The Independent Community Bankers of America (ICBA) told Congress during the hearing, “Housing Finance Reform: Protecting Small Lender Access to the Secondary Mortgage Market,” that continued community bank access to the secondary mortgage market is essential so these institutions can continue to meet the mortgage-lending needs of consumers. Testifying before the Senate Banking Committee, ICBA Chairman Bill Loving noted that while the current government-sponsored enterprise (GSE) secondary mortgage market structure has worked well for community banks, ICBA welcomes the return to a more balanced and less concentrated housing finance system.
“In reforming the housing finance system, policymakers must be careful not to create a new system that eradicates liquidity for all but the few largest players, limits access to the market or narrows options for smaller lenders, and imposes requirements that make it too costly for smaller lenders and servicers to participate,” said Loving, who is also president and CEO of Pendleton Community Bank in Franklin, W.Va.
Community banks represent approximately 20 percent of the mortgage market, and nearly 30 percent of community bank respondents in a recent survey said they sell half or more of the mortgages they originate into the secondary market, Loving noted. Any future secondary market structure must preserve the relatively simple process for community banks and other small lenders to ensure their continued robust access to the market, he said.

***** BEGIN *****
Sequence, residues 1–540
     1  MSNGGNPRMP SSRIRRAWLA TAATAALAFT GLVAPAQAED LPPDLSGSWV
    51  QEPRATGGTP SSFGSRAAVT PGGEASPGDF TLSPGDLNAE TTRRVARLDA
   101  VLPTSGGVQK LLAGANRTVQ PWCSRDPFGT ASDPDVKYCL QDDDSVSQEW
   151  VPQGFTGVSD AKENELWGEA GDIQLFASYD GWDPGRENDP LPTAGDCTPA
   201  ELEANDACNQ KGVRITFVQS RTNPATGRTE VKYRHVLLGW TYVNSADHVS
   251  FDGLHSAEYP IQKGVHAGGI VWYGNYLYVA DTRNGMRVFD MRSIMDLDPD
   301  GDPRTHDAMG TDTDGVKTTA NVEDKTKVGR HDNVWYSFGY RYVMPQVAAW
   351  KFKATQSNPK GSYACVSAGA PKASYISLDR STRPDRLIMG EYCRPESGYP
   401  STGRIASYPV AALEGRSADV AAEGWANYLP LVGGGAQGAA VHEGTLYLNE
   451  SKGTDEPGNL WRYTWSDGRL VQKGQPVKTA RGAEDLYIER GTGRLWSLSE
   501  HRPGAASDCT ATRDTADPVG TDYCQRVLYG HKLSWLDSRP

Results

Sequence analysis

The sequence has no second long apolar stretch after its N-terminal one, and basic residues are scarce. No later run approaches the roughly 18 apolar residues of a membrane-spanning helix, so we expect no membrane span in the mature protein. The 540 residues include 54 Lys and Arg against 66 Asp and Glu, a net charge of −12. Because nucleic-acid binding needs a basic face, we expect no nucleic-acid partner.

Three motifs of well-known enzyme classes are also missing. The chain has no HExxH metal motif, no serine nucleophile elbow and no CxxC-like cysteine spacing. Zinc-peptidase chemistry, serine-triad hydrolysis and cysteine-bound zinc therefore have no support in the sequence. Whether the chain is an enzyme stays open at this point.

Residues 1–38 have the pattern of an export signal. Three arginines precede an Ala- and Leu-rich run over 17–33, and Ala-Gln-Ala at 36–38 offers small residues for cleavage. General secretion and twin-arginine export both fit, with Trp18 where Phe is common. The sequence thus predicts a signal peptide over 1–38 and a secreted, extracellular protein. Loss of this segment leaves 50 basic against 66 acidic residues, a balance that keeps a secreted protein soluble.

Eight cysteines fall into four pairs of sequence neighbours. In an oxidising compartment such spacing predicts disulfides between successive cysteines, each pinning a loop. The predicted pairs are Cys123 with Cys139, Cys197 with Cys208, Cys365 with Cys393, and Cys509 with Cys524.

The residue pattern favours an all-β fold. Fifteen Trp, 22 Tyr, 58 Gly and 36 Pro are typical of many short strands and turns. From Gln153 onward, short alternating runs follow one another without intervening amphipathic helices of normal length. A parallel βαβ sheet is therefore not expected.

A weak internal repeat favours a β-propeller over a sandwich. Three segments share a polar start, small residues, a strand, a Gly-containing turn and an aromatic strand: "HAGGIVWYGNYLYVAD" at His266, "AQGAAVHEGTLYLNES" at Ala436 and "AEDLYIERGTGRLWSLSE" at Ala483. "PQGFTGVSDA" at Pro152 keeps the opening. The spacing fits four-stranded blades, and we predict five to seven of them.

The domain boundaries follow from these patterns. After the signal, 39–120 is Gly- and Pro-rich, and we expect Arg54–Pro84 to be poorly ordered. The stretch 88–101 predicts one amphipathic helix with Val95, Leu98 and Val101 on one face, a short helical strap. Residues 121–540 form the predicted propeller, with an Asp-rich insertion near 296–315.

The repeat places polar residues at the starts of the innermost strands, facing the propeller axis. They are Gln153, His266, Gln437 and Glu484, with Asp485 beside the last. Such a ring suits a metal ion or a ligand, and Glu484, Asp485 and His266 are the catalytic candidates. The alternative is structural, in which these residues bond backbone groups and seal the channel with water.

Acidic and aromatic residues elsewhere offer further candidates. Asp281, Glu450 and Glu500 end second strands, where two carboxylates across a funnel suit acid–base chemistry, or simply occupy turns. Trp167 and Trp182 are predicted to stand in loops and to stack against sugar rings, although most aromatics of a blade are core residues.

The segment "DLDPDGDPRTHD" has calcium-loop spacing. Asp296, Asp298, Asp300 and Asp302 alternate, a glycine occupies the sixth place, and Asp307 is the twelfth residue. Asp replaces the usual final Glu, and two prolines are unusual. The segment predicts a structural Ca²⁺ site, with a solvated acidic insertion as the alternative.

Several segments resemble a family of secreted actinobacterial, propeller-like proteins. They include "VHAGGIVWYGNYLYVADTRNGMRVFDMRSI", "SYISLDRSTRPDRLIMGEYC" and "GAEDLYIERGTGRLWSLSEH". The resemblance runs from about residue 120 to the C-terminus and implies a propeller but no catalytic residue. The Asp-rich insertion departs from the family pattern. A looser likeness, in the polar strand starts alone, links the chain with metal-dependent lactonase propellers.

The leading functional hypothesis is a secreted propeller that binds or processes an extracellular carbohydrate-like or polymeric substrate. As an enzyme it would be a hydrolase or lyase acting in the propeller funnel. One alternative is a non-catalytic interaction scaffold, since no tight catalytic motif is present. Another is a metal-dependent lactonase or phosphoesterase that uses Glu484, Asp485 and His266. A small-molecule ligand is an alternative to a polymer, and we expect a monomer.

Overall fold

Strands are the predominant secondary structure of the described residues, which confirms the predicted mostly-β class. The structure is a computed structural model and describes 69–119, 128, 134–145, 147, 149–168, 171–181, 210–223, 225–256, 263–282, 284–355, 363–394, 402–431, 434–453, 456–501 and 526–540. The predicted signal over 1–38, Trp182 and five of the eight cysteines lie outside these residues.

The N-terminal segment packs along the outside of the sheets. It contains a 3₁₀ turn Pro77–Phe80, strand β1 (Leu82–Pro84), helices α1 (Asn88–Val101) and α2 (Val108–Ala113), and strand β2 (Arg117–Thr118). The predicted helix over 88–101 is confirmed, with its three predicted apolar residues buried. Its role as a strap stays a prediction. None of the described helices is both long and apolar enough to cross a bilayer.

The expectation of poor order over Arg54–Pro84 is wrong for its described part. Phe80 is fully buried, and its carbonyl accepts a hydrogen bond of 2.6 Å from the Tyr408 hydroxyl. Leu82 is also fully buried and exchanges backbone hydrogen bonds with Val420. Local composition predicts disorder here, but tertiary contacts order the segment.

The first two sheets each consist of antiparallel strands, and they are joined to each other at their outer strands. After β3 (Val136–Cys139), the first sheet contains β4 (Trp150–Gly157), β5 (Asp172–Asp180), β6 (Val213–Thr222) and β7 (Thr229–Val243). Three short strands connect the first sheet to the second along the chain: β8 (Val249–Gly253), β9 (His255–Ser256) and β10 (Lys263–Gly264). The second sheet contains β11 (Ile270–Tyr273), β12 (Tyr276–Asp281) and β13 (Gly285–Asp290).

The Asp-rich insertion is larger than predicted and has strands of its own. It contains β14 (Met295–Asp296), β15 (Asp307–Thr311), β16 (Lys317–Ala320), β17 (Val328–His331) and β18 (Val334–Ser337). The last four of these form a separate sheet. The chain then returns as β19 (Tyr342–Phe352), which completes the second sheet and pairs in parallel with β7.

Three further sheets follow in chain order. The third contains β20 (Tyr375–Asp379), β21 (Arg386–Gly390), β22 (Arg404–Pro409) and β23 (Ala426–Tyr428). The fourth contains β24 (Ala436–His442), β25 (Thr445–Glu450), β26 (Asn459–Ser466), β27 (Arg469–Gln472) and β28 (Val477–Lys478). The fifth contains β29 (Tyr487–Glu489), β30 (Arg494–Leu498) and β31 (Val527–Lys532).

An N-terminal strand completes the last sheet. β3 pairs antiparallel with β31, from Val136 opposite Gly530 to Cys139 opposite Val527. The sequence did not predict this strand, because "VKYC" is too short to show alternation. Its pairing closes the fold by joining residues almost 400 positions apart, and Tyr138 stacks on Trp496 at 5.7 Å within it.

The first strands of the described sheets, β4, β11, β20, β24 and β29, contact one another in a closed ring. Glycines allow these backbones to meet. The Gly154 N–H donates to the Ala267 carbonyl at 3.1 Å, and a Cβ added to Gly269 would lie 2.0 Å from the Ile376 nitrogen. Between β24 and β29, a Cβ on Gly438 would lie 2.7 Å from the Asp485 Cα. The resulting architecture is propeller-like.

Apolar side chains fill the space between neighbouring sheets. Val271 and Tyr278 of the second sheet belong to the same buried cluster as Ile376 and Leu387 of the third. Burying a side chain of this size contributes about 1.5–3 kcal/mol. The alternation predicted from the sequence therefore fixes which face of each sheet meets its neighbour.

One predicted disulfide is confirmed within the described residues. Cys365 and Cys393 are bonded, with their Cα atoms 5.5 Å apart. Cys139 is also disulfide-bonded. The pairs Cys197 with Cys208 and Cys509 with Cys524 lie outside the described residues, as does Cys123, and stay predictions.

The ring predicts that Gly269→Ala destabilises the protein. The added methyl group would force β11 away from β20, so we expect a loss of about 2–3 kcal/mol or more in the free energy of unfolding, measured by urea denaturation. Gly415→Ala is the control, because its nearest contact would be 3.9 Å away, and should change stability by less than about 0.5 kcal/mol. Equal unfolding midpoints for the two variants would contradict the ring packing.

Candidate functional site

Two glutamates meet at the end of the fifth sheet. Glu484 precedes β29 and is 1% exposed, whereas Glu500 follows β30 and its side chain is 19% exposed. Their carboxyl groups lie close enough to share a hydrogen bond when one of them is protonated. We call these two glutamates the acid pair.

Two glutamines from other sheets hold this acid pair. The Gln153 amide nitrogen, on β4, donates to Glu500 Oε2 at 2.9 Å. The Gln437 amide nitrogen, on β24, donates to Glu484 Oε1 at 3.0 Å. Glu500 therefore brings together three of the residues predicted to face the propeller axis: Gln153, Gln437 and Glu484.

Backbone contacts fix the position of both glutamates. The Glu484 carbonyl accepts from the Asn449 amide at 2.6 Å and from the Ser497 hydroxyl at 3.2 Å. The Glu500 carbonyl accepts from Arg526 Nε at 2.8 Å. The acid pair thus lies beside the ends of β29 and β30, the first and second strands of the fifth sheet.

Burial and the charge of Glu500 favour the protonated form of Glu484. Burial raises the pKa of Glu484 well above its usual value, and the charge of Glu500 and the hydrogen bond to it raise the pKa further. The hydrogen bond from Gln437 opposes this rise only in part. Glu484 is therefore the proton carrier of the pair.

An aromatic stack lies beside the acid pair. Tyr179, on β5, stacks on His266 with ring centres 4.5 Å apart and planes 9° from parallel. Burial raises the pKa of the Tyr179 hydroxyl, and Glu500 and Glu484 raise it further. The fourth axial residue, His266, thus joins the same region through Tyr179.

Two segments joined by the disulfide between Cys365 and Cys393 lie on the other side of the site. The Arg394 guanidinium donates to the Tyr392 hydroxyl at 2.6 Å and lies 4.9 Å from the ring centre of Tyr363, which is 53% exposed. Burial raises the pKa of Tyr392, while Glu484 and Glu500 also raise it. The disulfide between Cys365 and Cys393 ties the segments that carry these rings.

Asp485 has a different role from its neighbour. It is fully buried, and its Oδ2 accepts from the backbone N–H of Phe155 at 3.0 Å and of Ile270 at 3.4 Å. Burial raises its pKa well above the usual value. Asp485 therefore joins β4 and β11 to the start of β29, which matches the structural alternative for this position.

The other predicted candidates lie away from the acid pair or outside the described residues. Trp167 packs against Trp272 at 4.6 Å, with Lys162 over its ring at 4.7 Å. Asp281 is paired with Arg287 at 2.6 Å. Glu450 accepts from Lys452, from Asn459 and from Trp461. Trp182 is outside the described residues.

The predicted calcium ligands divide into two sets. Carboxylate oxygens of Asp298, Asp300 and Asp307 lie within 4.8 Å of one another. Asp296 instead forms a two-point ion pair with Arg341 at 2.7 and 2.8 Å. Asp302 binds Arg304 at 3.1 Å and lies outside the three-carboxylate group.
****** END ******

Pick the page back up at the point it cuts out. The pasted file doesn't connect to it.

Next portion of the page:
Loving provided ICBA’s views on several secondary mortgage market issues, including:
►ICBA is pleased with the recognition of the unique role of community financial institutions and the ability of these institutions to have straightforward access to the secondary market,
►the need to preserve the Federal Home Loan Banks as an access point to the national secondary market for community banks,
►ensuring that only loans meeting the “qualified mortgage” definition should be eligible for securitization or sale to the secondary market and contain a government guaranty, and
►gradually and transparently transitioning from the current GSEs to any new credit enhancement/guarantor structure to prevent the disruption of the flow of funds into the housing market.